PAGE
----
Maharal – God’s Adornment

What is the Meaning and Purpose of Life? | Total Comments: 0 | Total Topics: 38

			Rav Yehudah Loew, the Maharal of Prague, is best known for something he never did, and hardly known for something he did. Everybody knows that the Maharal created the Golem, a Frankenstein-like creature that assisted the Jews of Prague in the late 16th century in various ways. The only problem is that it never happened. It was an old-wives’ tale propagated by a known Jewish plagiarizer and teller of tall tales named Yudl Rosenberg in the early 20th century. There is a long tradition of Golems in Jewish lore, and in Prague it goes back to at least the late 18th century. But there are no contemporary or near-contemporary accounts of a golem being made by the Maharal. He never wrote about it, and none of his close associates did either. It does make a great story, however. 
What did the Maharal do? For starters, he was one of the handful of significant Jewish scholars to bridge the entire spectrum of Judaism - from Bible to Talmud to Midrash to philosophy to mysticism. His works are nothing less than voluminous. He wrote on every imaginable topic and he wrote deeply. His main goal seems to have been to transform the many concepts and statements of the Talmud and Midrash that appear puzzling and illogical, into gems of spiritual wisdom. When a contemporary Jewish scholar wants to find the inner meaning of such a passage, at some point in the process he or she will open up some work of the Maharal and discover whatever was being sought out. They may not agree with the Maharal’s take on whatever is being examined, but they will certainly find something fascinating. 
Among his many works is a long treatise called Be’er Hagolah (Well of Redemption) which examines bizarre Talmudic statements and explains them in light of hidden spiritual concepts. Chapter six of the fourth section deals with a startling passage from the Talmud stating that God wears tefillin (the boxes Jews wear at prayer that contain small scrolls with specific Biblical verses). The Talmud even describes what is written on God’s tefillin – a Biblical verse that says, ‘And who is like you Israel, a single nation in the world?’ This one is about as strange as it gets. God wears tefillin? In classic Maharal style, he explains this as an example of God ‘wearing’ an aspect of His creation as a way of displaying his glory. Tefillin are themselves referred to as ‘glory’ in rabbinic literature, so it is only fitting that God’s tefillin should display glory. 
But the Maharal goes further. Towards the end of this essay, he asks the big question – why did God create the universe? He rejects the standard answer of creating it to show off his greatness. He then rejects the Lurianic approach (he may have been unaware of Luria and his school) of creating it to bestow good onto creation. He ends up with something that resembles Maimonides’ answer in the Guide, that everything was created for itself. But he then puts a new spin on things:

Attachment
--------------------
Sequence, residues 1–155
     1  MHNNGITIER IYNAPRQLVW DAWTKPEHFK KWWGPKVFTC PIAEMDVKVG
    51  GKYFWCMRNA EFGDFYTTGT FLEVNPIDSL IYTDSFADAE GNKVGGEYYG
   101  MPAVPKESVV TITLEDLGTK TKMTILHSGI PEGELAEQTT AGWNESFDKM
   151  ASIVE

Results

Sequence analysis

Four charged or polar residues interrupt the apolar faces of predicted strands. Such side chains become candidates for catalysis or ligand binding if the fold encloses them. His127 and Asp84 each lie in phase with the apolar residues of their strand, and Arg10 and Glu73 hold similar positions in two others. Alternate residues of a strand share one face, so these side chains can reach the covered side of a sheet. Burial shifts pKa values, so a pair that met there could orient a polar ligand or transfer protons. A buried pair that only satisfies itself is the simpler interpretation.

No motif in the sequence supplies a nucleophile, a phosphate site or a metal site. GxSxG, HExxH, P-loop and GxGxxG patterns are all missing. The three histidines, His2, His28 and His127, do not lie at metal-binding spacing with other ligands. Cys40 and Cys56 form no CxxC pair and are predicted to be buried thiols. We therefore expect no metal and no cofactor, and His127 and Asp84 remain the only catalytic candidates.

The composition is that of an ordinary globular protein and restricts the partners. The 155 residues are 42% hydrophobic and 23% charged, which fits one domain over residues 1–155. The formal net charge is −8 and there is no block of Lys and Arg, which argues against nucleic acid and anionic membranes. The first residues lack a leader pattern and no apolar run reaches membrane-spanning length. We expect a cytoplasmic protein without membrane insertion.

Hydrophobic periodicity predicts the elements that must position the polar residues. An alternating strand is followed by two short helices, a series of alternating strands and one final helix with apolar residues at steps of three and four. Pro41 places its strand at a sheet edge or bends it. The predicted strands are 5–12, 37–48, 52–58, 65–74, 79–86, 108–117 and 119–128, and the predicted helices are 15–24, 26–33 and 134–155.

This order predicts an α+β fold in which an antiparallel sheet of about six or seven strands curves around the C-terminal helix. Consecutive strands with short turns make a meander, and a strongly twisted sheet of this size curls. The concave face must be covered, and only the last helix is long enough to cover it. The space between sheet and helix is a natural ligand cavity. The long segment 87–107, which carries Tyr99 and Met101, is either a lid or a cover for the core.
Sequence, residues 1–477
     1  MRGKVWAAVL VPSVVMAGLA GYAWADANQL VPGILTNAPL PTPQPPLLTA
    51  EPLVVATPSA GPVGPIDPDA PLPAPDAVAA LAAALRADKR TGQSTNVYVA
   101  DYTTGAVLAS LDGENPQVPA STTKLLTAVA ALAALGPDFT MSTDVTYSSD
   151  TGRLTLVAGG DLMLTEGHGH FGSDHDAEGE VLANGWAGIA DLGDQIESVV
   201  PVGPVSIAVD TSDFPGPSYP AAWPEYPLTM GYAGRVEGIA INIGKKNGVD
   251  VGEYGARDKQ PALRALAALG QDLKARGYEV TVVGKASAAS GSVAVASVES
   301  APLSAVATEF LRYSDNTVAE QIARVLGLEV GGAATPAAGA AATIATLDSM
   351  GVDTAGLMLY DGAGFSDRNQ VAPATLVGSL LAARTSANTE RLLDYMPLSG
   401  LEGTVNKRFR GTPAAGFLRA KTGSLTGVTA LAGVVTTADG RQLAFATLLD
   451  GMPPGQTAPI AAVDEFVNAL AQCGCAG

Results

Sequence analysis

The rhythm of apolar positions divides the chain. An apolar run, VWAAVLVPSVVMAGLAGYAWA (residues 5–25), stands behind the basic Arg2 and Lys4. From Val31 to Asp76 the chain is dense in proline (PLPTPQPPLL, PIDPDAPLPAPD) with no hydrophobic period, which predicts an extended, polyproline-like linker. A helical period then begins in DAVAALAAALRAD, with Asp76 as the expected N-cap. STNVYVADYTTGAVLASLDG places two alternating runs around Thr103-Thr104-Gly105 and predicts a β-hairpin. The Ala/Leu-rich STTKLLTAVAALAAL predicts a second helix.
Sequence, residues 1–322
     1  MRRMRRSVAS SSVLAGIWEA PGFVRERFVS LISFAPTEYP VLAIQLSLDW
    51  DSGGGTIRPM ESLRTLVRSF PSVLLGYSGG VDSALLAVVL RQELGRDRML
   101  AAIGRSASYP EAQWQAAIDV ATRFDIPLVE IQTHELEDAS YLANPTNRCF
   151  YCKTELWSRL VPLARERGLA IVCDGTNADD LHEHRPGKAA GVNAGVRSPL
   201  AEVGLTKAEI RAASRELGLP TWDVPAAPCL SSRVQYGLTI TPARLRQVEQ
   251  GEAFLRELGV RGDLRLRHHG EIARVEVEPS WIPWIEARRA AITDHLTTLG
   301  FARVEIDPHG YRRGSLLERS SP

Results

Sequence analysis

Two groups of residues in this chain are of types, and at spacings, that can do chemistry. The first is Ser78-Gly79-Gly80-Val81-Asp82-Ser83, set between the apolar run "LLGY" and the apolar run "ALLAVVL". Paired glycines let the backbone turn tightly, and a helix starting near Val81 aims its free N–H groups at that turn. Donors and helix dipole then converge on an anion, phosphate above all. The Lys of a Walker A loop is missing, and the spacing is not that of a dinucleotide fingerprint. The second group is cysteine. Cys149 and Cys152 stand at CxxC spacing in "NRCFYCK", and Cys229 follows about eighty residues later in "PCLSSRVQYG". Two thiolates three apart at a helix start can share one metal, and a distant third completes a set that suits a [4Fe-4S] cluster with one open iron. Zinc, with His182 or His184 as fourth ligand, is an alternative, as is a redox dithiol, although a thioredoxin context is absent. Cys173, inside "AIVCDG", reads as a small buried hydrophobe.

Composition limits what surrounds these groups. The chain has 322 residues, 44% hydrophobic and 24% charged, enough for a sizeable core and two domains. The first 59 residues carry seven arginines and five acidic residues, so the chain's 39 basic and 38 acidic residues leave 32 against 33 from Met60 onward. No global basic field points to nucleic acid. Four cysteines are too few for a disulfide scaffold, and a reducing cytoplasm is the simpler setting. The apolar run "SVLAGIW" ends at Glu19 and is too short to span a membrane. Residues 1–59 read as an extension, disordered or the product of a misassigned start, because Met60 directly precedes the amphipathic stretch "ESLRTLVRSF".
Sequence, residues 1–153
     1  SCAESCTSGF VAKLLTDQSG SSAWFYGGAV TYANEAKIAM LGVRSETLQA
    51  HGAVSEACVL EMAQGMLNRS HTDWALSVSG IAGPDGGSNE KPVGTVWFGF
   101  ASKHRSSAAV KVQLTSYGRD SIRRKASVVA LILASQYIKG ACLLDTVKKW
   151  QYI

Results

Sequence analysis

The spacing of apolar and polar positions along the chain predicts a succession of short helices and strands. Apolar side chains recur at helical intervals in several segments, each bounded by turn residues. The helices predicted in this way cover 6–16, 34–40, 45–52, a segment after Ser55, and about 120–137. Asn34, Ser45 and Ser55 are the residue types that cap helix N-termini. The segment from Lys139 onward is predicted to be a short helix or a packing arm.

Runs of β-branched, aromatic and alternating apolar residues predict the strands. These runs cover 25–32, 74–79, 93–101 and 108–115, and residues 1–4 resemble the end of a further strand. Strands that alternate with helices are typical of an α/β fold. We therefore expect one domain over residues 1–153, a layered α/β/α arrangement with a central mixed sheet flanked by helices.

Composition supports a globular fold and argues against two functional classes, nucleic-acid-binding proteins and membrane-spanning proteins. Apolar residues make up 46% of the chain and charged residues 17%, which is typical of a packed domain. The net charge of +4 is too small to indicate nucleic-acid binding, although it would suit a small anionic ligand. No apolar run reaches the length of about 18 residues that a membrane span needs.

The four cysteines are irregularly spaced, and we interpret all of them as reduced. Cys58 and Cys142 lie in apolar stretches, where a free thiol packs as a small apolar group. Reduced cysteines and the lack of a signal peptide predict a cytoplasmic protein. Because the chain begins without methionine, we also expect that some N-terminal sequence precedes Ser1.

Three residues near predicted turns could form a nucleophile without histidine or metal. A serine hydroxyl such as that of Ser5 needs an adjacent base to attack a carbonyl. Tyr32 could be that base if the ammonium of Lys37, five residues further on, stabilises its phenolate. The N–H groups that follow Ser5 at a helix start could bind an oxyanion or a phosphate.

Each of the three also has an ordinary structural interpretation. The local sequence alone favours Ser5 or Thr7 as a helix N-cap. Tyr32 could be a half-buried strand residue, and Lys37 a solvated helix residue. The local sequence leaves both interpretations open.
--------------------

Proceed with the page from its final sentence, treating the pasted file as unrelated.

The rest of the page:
'The world was created for itself. For even though it is the result and the result is not on the same level as the cause, nevertheless there is an additional benefit to the cause that stems from the result. Therefore, God wears tefillin which are a glory to the wearer, since God gains glory from the creation, which is something ‘other’ than God…This description (of God) differs (from the inherent qualities of God) in that it ascribes something to God from the aspect of the completeness of creation…' 
What is this guy talking about? Just for the record, this is typical Maharal – pretty difficult to understand but giving over a sense that there’s something deep in the works that just has to be figured out. We also have to give him credit for tackling an extremely difficult passage in the Talmud in an ingenious manner. God wearing tefillin really means that some of God’s glory comes not from God but from creation. Tefillin are an adornment for those who wear them. Creation, correspondingly, is also an adornment for God. With this as a basis, the Maharal then goes into part two – the purpose of creation. 
Anybody reading this has to wonder how on earth the Maharal journeyed from God wearing tefillin to the purpose of creation. But anybody wondering such a thing may not be all that familiar with the Maharal. He gets right into the nitty-gritty of everything. No matter how trivial something may seem at first glance, he will find a way to make it profound. God wears tefillin. Okay, so what? Well, that means that God has this tefillin-like thing which is something other than God, which is a source for God’s glory. 
Other than God – what does that mean? It sounds like the philosophical picture of God, out beyond the confines of the universe, creating and managing the whole thing from a comfortable distance. Does the Maharal agree with this? It turns out (you’ll have to take our word on this one) that he does not. He is a firm believer in the mystical conception of God – that there is nothing other than God and everything else is simple a manifestation of God’s being made ‘real’. So what does it mean for something to be ‘other’ than God anyway? 
This question, perhaps, gets us into the guts of the Maharal’s idea. Creation is ‘other’ than God. It is ‘outside’, in the sense that it is God transformed into what we call reality. That ‘other’ is a heavily veiled version of God, in which the godliness is almost undetectable. Nevertheless, it also contributes to God’s glory. The creation, that physical, material, 14 billion year-old wreck of the Big Bang, as apparently devoid of God as it is, still kicks in its share to God’s glory.